9 Hidden Dangers of Letting Your Kids Use Technology

Tech Talk 25

girl and tabletIt is a high tech world. I love it and I don’t know how we survived before everyone had access to cells phones and the Internet. Honestly, if you tried to take either away from me today, I’d probably fight you to the death and you’d still have to pry my iPhone out of my cold dead hands.

As we advance technologically, it's becoming the norm to see toddler and certainly elementary school aged children on laptops, iPods, iPads, iPhones and the internet, usually playing educational games or watching cartoons so that their parents can keep them occupied. I have no problem with this. Our girls have DS’s and now they have Nabi tablets , MP3 players and we own every educational game system available since the girls were toddlers. They do homework on the laptop and know their way around technology ... like every other kid we know.

It’s progress, right? Maybe. I used to think so but now I am not so sure because while we were all so excited about technologically advancing our children we completely overlooked the hidden dangers of kids using technology.

For instance:

  1. Surprise bills from iTunes This is a lesson I learned very recently and the hard way. My daughters had finished their homework and did their chores, they asked me if I could buy them a dress up game they had been wanting on the iPad called Sporty Girl Dress up. It was only $1.99 so I bought it. Unfortunately, every time they clicked on an outfit to dress up in, it charged me $1.99. It didn’t ask to confirm the purchase, it only asked, “ Do you want this?” and the girls obviously wanted it. Long story short, I got a surprise bill for $80. I’m sure this is not the only unethical game around so beware.
  2. Accidentally seeing something inappropriate Pop ups. Even if you childproof that sucker, your kid still could accidentally see something that you are not ready to explain like two men kissing or a woman giving birth. Nothing wrong with either but unless you are comfortable having that conversation with your 3-year-old, don’t do it.
  3. More awkward social skills The more our children immerse themselves in the cyber world, the less their social skills are developing. They need to interact in real time, face to face, not just via face time. Unless you want the norm for all people to meet others to be via sites like Match.com, teach your kids how to live in the real world.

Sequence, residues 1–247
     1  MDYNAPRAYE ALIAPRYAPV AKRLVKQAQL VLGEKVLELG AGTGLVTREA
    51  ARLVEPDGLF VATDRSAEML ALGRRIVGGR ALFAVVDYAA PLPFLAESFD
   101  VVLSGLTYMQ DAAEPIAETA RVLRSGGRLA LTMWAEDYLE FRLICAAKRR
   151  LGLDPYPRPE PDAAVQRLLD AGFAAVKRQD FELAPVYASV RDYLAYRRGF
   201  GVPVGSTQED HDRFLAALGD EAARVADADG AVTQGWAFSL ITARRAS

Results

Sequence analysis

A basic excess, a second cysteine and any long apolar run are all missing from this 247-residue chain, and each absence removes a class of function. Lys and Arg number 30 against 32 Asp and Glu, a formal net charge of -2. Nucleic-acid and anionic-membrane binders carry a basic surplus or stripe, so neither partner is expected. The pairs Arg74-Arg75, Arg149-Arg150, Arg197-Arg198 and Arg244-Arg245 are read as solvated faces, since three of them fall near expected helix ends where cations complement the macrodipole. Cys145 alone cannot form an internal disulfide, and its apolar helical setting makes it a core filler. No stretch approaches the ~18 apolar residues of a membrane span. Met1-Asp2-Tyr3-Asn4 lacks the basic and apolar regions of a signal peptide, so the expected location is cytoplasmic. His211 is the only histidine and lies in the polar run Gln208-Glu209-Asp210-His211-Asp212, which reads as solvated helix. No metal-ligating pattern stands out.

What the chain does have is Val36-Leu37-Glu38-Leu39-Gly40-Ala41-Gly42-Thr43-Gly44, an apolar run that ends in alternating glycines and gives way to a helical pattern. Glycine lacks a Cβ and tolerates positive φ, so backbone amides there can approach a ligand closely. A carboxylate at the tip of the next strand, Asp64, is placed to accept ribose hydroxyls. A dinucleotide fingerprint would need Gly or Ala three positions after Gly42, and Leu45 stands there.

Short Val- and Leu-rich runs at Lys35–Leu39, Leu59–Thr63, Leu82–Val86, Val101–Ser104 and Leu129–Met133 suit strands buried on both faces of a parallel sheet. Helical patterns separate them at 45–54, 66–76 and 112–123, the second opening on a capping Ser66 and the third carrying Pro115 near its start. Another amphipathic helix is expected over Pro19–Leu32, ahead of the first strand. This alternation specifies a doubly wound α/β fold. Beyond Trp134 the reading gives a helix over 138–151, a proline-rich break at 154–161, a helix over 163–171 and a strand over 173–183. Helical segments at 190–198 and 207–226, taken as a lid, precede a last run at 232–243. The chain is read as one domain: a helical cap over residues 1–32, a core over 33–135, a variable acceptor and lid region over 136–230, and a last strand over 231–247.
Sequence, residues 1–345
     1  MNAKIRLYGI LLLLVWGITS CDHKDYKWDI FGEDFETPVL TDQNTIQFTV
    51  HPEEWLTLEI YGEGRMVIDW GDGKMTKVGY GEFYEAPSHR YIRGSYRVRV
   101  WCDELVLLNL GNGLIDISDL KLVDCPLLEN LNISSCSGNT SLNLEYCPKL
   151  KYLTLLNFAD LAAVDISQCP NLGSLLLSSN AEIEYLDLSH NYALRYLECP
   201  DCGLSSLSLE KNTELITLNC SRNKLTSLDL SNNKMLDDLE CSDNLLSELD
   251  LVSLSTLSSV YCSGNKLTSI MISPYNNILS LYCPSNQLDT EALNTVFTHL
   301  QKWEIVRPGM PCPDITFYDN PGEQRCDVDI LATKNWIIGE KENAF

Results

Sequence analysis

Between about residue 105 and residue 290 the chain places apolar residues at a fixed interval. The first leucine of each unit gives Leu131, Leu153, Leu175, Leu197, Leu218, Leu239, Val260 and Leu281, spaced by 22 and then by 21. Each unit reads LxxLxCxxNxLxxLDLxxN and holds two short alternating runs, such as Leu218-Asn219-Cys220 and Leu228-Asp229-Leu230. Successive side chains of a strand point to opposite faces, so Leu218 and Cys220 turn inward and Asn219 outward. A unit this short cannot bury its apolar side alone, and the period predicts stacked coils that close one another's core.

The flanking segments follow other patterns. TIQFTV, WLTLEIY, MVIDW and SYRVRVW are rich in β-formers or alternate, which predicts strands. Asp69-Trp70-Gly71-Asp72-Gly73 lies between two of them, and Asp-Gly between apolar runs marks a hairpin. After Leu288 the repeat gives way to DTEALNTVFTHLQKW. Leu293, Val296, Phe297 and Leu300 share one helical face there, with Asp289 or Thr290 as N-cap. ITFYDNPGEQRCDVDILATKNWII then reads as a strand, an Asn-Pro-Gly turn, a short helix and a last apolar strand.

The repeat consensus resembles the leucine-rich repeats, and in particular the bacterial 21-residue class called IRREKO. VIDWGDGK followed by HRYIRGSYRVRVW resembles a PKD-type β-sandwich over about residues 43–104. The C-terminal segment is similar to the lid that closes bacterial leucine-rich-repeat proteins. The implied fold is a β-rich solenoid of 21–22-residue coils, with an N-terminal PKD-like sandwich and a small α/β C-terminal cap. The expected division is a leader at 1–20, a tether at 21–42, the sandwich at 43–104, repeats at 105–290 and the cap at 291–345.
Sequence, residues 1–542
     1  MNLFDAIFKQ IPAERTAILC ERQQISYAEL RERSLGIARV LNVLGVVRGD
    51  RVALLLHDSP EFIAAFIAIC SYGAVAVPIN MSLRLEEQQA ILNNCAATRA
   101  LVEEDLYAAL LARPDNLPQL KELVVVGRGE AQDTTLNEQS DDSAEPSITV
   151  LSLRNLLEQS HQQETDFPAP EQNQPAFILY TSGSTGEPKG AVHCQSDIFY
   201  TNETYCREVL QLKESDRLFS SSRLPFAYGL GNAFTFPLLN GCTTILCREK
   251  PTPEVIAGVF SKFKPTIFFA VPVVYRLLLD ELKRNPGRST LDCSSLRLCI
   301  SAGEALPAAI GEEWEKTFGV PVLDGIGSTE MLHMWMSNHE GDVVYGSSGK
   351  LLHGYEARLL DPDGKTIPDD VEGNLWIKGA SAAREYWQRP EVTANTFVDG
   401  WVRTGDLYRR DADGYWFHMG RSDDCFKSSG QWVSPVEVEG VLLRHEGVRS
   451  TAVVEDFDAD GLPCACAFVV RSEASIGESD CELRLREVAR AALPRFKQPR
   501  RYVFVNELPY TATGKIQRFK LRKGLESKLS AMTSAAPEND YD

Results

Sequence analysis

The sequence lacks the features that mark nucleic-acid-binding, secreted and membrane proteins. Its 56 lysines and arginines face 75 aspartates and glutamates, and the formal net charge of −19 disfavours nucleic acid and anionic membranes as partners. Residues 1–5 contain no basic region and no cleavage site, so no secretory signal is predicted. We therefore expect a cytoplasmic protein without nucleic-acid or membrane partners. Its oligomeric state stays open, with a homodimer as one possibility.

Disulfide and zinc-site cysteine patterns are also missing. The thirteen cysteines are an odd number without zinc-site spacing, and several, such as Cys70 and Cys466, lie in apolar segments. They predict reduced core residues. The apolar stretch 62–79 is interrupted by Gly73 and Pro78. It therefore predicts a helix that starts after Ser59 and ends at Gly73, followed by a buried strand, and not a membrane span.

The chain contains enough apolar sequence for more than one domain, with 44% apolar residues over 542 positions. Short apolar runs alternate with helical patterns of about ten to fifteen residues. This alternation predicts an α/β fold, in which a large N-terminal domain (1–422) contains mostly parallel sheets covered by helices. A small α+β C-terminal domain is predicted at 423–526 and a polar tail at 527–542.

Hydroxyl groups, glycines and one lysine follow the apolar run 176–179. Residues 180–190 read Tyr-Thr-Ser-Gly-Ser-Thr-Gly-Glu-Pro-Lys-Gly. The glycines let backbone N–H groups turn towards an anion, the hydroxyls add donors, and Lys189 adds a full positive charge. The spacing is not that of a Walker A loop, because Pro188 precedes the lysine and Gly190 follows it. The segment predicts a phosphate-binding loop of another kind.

4. No patience, expecting the entire world to provide instant gratification In the digital world, there is no wait time. You type it in and beep, boop, beep, there it is. In the real world, people need time. Things take time and our children need to learn patience and understanding or they are going to spend a lot of time disappointed and angry.
  5. Interacting with unsavory characters You hear about kids talking to pedophiles online all the time and not knowing it. How could they? How can any of us know who is real and what is bullshit when we are talking via social media?
  6. Sending inappropriate photos Cell phone cameras are not the friend of tweens and teens. They are too naive to understand what can happen to nude photos and sexts sent and intended for one person. They don’t realize that once they go out they are no longer private or personal.
  7. Giving out private information to potential criminals I had a cousin who tweeted every move she made, including where she was  going, when she was going what she was wearing and once she even status updated her Facebook with her address saying she was bored and if anyone wanted to come over they should.
  8. Obesity Your kid sits all day playing with tech, they move less, they get fat; end of story. Nobody wants their child to be unhealthy or overweight so limit the online time.
  9. Addiction Kids can get addicted to technology. It’s a crutch. They get used to having those online connections and they don’t want to give them up. Don’t fool yourself, it’s like cyber crack.

How much time a day do your children spend using technology?